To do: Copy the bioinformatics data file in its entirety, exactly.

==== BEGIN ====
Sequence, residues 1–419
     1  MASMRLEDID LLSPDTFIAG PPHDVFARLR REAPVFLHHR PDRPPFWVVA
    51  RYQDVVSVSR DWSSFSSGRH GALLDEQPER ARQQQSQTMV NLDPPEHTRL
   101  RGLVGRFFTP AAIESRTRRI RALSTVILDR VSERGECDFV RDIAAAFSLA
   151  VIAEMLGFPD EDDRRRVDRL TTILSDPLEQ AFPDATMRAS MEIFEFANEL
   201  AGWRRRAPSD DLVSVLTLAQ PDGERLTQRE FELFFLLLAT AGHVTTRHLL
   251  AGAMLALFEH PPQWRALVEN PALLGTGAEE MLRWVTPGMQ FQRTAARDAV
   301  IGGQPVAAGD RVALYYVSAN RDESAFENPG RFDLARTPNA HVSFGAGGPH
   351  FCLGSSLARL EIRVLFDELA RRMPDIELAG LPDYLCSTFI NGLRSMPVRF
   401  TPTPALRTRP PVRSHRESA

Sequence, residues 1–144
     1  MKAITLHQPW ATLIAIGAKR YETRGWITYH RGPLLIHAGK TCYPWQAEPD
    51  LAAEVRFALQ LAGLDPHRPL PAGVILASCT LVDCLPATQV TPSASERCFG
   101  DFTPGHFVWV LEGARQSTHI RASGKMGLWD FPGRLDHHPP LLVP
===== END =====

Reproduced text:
Sequence, residues 1–419
     1  MASMRLEDID LLSPDTFIAG PPHDVFARLR REAPVFLHHR PDRPPFWVVA
    51  RYQDVVSVSR DWSSFSSGRH GALLDEQPER ARQQQSQTMV NLDPPEHTRL
   101  RGLVGRFFTP AAIESRTRRI RALSTVILDR VSERGECDFV RDIAAAFSLA
   151  VIAEMLGFPD EDDRRRVDRL TTILSDPLEQ AFPDATMRAS MEIFEFANEL
   201  AGWRRRAPSD DLVSVLTLAQ PDGERLTQRE FELFFLLLAT AGHVTTRHLL
   251  AGAMLALFEH PPQWRALVEN PALLGTGAEE MLRWVTPGMQ FQRTAARDAV
   301  IGGQPVAAGD RVALYYVSAN RDESAFENPG RFDLARTPNA HVSFGAGGPH
   351  FCLGSSLARL EIRVLFDELA RRMPDIELAG LPDYLCSTFI NGLRSMPVRF
   401  TPTPALRTRP PVRSHRESA

Sequence, residues 1–144
     1  MKAITLHQPW ATLIAIGAKR YETRGWITYH RGPLLIHAGK TCYPWQAEPD
    51  LAAEVRFALQ LAGLDPHRPL PAGVILASCT LVDCLPATQV TPSASERCFG
   101  DFTPGHFVWV LEGARQSTHI RASGKMGLWD FPGRLDHHPP LLVP